Original languageEnglish (US)
Pages (from-to)555-559
Number of pages5
JournalObstetrics and Gynecology
Volume119
Issue number3
DOIs
StatePublished - Mar 1 2012

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Premature Birth
Adrenal Cortex Hormones
Morbidity
Newborn Infant
Transient Tachypnea of the Newborn
Parturition
Confidence Intervals
Delivery Rooms
Mechanical Ventilators
Resuscitation
Gestational Age
Observational Studies
Odds Ratio
Steroids
Mothers

ASJC Scopus subject areas

  • Medicine(all)

Cite this

Gyamfi-Bannerman, C., Gilbert, S., Landon, M. B., Spong, C. Y., Rouse, D. J., Varner, M. W., ... Mercer, B. M. (2012). Effect of antenatal corticosteroids on respiratory morbidity in singletons after late-preterm birth. Obstetrics and Gynecology, 119(3), 555-559. https://doi.org/10.1097/AOG.0b013e31824758f6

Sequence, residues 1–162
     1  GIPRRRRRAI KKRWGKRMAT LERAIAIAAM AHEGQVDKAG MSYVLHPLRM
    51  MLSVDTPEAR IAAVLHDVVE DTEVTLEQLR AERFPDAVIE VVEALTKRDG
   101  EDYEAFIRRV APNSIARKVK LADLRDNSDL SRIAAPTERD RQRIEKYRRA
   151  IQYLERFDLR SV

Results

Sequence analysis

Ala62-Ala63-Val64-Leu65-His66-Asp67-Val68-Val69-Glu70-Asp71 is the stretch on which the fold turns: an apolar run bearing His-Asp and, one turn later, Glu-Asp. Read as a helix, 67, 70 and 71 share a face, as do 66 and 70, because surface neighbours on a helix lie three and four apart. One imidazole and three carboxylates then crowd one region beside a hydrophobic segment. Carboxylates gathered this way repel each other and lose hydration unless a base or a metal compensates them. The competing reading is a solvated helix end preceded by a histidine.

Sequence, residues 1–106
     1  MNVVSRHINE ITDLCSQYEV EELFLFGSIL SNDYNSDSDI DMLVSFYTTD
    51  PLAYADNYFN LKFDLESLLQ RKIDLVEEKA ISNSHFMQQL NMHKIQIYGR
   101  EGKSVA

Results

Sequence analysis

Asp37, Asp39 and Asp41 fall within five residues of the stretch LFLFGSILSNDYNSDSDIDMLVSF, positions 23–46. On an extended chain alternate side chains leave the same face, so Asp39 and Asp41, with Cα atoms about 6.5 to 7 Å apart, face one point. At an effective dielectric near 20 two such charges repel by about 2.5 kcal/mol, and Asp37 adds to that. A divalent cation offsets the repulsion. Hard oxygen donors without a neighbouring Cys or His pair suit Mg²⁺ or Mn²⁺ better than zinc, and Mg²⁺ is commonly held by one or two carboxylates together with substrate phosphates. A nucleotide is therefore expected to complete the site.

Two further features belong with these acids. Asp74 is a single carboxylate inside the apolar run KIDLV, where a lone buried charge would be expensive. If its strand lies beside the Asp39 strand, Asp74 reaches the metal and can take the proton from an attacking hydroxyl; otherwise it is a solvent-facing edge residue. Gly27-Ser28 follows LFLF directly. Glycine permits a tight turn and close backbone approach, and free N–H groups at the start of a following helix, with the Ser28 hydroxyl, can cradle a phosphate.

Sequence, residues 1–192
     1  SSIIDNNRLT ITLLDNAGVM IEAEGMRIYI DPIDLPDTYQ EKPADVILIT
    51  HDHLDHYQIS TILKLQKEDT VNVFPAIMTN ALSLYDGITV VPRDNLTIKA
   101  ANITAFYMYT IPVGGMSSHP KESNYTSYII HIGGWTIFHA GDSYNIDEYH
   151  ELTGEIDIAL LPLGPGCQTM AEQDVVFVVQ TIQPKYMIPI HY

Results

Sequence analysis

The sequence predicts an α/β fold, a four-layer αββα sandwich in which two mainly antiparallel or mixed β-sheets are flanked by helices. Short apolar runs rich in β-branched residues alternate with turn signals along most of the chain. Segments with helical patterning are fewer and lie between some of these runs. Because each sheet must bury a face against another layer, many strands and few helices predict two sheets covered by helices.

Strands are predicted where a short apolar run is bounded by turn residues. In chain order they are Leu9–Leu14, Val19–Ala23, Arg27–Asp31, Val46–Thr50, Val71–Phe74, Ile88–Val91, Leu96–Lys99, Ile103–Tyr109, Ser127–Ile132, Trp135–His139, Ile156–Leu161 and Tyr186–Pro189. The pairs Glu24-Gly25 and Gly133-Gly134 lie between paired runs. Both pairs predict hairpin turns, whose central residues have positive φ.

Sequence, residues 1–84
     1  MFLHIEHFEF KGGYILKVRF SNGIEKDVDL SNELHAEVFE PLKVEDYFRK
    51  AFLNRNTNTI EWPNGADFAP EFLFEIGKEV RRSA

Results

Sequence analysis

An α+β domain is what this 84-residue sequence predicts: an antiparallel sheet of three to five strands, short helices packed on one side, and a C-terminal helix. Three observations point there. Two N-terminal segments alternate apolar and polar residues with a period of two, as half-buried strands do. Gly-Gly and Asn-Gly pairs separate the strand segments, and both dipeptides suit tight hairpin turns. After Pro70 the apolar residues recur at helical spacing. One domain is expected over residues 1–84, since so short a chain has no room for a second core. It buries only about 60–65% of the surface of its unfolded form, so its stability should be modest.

Gyamfi-Bannerman, Cynthia ; Gilbert, Sharon ; Landon, Mark B. ; Spong, Catherine Y. ; Rouse, Dwight J. ; Varner, Michael W. ; Meis, Paul J. ; Wapner, Ronald J. ; Sorokin, Yoram ; Carpenter, Marshall ; Peaceman, Alan M ; O'Sullivan, Mary J. ; Sibai, Baha M. ; Thorp, John M. ; Ramin, Susan M. ; Mercer, Brian M. / Effect of antenatal corticosteroids on respiratory morbidity in singletons after late-preterm birth. In: Obstetrics and Gynecology. 2012 ; Vol. 119, No. 3. pp. 555-559.